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Invest in Long-Term Care Insurance

One effect of the coronavirus pandemic is that more people have been thinking about living in the moment and taking advantage of opportunities in a carpe diem sort of way. There is nothing wrong with this, especially with so much uncertainty. However, it would not do to forget that you can still make some long-term plans. As one Marketwatch article observes: 

“The coronavirus pandemic has highlighted numerous potential catastrophes for the elderly and their loved ones, including unexpected illnesses, risks associated with underlying health issues and general lifestyle and risks in nursing homes.”

While there were always risks associated with nursing homes, some people who might have otherwise planned to live in one are reconsidering because they’ve seen the way COVID-19 spread through some of these facilities.

MarketWatch’s “This is one task everyone in their 50s should consider before it’s too late” advises people to consider purchasing a long-term care insurance plan. They are saying that your fifties is an ideal time; it is cost-efficient to get long-term care insurance then although some people do purchase plans before they reach that age. You can still also purchase a plan after your fifties.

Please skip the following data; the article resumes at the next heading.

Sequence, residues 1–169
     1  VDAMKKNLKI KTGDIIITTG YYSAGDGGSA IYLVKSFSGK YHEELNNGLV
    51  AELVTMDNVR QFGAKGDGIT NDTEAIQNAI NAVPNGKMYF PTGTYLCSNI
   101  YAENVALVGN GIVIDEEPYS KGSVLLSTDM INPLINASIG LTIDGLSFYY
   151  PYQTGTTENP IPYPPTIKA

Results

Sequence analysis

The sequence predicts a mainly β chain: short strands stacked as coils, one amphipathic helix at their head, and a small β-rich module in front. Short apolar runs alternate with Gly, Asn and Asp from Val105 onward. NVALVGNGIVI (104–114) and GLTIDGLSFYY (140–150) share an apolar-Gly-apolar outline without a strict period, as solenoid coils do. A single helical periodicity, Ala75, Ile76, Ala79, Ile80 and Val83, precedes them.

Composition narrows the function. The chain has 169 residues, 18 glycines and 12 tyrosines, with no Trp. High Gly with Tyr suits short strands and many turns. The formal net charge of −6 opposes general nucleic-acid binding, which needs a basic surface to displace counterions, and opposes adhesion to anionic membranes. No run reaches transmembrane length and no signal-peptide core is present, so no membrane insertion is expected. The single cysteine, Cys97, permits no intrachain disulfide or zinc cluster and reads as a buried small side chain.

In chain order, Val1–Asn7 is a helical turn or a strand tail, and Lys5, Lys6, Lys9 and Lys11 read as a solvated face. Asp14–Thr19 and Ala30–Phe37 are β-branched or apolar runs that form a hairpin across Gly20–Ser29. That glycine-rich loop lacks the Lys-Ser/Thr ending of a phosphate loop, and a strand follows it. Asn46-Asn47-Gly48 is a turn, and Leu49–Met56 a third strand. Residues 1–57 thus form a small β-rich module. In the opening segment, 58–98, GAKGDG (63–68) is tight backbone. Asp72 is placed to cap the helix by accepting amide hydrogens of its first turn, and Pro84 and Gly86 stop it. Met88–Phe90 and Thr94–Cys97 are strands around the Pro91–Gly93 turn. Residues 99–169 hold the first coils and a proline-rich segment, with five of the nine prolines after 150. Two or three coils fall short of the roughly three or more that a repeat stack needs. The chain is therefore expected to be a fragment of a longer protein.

You can speak with your Fee-Only financial advisor about what type of long-term care insurance plan would be best for you.  Some people opt for a hybrid plan: one that combines life insurance with a long-term care rider.  You can also buy a standalone policy. The policy you choose will depend on a number of variables.

If you think you can rely on Medicare to assist if you need long-term care, you should know that Medicare does not offer a lot of long-term care coverage. The costs of long-term care are high and if you can have money set aside for it already, you will be helping yourself and your family.

A Comic Strip Looks at Estate Planning

Articles and lectures inform us while stories speak to us in a way that these more straightforward sources cannot. It is interesting to see financial planning in pop culture because a narrative can get some  people to think and take action when a seminar may not.